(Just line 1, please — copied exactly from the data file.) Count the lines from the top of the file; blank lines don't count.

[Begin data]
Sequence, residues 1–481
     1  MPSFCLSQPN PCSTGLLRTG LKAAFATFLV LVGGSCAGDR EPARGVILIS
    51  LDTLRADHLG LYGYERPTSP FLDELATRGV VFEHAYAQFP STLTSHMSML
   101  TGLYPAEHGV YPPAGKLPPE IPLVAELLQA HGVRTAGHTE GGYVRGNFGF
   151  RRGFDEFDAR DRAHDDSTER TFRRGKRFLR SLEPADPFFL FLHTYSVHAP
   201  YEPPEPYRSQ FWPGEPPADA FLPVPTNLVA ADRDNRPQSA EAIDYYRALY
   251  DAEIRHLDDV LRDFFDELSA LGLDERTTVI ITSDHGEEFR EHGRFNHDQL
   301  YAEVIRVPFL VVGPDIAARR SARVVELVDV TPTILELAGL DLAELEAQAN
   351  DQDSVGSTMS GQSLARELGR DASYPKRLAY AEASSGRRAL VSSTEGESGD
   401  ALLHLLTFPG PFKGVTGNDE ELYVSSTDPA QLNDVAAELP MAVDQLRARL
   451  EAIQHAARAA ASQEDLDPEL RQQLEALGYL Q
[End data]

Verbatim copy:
Sequence, residues 1–481